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Keynes vs. Hayek: The debate rages on

August 4, 2011

via google images

The recent financial crisis, and the persistent economic problems that currently plague the vast majority of developed economies has given the decades old debate between Sir John Manyard Keynes and Freidrich Hayek. The better part of a century later, this debate is far from settled. Respected economists fall into both camps, and the debate has only gained more attention as economic woes become the focal point of political discussion. This increasing interest is manifested in things like the BBC hosting a radio debate featuring economists from both sides of the debate, which can be found here: http://www.bbc.co.uk/programmes/b012wxyg

The last instance of such prolonged economic malaise, the global Great Depression, served as the inspiration for both economists. Although the two economists sought solutions and explanations to the same economic problems, they came to very different conclusions. 

After observing prolonged nature of the British depression of the 1920s, Hayek promoted the idea that private investment, rather than government spending, would promote sustainable growth. He believed that most policy measures designed to avoid the economic pain of the market righting itself only served to prolong the duration and severity of economic pain later.  Keynes wrote his ‘General Theory of Employment, Interest and Money’ in response to the feeble recovery from the Great Depression. His proposition was that following a big shock, such as a depression, there were no automatic recovery forces in a market economy.The economy would go on shrinking until it reached some sort of stability at a low level.The reason was that the level of activity depended on the level of aggregate demand or spending power. He then drew the conclusion that In this situation it was the government’s job to increase its own spending to offset the decline in public spending, by running a deficit if necessary.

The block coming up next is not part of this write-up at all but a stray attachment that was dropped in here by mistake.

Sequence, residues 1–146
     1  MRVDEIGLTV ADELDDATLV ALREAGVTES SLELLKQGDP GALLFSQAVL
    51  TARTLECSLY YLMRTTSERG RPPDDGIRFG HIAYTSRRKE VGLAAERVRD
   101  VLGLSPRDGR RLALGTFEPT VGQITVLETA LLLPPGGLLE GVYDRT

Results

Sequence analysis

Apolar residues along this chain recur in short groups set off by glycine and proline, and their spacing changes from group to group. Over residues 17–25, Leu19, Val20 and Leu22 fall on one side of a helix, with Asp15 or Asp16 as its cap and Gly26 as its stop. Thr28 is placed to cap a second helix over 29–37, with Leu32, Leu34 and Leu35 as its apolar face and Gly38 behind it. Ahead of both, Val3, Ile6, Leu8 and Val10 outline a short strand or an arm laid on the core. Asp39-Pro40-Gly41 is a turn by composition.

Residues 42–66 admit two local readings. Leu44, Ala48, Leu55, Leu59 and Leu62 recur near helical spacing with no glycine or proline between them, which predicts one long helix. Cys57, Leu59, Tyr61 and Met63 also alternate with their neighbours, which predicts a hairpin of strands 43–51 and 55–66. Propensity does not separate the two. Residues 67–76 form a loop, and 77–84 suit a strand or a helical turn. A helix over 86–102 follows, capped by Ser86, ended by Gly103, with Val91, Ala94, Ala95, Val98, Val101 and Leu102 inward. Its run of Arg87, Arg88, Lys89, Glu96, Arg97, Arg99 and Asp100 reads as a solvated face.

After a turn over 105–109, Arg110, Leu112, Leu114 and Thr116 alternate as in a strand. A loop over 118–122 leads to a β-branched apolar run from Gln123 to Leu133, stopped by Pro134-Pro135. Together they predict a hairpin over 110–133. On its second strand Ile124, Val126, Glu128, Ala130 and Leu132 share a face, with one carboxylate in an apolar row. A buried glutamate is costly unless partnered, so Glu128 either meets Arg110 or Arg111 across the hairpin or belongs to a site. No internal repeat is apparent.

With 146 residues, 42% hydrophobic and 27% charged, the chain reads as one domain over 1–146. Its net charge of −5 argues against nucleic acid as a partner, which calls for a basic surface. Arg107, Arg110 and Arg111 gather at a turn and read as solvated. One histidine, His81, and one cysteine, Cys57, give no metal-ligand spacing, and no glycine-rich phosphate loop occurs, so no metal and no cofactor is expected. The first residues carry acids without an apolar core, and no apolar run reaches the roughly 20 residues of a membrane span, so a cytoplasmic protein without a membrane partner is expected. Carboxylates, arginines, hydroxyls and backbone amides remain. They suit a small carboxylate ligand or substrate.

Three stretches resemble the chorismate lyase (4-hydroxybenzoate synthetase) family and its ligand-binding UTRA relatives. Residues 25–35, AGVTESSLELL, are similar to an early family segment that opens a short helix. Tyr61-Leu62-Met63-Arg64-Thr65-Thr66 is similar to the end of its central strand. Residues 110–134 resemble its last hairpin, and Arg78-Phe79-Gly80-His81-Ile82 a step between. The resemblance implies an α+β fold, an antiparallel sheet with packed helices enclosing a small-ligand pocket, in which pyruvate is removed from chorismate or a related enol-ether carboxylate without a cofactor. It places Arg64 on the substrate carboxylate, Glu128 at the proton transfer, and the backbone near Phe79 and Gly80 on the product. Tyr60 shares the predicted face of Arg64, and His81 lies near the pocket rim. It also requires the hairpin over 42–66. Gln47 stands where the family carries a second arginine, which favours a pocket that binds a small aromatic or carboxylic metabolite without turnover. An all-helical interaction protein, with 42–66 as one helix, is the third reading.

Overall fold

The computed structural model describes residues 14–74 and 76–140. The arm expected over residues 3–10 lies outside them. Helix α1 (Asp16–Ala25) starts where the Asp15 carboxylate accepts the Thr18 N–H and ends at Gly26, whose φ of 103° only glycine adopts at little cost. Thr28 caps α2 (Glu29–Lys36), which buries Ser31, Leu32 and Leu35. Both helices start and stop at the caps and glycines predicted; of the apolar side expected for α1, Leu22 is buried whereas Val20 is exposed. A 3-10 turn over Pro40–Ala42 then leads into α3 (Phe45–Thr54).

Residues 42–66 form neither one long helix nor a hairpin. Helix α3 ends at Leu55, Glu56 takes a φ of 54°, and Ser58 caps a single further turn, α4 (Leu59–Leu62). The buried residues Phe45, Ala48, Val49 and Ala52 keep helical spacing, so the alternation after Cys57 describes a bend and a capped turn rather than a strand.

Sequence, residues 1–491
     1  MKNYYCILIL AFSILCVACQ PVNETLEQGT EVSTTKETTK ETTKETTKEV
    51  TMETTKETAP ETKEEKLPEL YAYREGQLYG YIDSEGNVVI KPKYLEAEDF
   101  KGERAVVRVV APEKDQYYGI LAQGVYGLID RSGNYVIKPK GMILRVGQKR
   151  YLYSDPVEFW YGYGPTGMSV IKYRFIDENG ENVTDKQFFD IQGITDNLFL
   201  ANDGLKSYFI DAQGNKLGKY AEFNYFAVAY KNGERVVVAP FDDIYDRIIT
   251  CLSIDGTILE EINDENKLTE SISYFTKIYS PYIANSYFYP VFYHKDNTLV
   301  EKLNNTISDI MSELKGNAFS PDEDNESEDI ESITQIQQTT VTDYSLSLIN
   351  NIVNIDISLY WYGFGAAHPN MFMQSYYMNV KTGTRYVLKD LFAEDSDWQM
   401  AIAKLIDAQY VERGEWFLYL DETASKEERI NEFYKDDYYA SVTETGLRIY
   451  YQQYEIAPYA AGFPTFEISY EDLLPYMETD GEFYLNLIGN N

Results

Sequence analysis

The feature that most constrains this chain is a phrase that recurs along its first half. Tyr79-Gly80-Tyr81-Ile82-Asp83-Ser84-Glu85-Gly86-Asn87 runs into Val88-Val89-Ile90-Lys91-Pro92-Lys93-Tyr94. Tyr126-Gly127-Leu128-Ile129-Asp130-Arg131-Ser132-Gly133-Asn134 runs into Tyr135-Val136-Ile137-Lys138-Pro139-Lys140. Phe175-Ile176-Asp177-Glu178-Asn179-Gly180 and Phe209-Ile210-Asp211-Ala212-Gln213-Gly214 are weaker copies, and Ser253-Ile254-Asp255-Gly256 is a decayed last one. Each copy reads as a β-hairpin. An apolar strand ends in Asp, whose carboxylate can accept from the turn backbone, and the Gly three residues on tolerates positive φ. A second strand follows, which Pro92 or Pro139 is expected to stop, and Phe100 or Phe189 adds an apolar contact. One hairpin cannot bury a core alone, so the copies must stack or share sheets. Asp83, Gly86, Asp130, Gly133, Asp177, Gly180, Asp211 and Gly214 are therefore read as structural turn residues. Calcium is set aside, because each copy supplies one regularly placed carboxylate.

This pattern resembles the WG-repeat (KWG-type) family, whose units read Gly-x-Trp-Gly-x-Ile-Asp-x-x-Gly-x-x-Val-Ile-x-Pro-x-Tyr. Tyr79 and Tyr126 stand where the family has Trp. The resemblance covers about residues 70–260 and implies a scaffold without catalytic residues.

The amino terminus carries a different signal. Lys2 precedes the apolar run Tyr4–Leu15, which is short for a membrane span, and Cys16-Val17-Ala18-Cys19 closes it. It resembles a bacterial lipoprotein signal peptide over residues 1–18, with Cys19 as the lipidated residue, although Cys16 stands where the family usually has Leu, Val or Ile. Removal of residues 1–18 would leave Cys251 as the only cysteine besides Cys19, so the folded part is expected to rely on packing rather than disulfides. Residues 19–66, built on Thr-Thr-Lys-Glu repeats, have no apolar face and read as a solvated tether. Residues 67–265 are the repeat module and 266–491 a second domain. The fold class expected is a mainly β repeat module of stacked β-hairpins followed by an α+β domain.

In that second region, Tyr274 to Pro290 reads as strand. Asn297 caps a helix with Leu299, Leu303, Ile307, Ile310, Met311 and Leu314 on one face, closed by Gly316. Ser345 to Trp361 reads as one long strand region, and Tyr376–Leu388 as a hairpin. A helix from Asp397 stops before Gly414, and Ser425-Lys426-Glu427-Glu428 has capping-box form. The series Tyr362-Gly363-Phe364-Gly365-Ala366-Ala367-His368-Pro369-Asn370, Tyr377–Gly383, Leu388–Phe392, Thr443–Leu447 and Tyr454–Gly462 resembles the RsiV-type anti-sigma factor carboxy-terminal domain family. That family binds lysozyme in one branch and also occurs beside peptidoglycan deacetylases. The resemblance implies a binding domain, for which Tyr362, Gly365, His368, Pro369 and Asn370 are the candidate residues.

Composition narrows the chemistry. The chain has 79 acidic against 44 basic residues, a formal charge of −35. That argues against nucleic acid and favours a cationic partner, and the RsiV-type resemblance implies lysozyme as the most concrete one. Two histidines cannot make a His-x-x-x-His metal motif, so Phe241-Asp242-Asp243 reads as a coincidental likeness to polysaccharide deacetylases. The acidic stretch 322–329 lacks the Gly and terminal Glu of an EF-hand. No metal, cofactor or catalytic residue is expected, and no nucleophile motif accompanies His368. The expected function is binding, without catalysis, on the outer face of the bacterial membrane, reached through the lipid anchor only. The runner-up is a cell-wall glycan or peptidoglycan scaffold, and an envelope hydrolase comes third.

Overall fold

It is not only economists who are gravitating back towards the great economic debate of the 20th, and appartently 21st, centuries. One of the most viewed internet videos of the past year, with over 2.5 million hits,  was a rap that described this debate. While I can’t speak to the technical ability of the participants of the video, it is entertaining and surprisingly informative, making it well worth watching. Regardless of which side of the debate you fall on, Keynesian or free-market, it is refreshing to see a return to the fundamental debate, to the underlying economic theories beneath the two schools.

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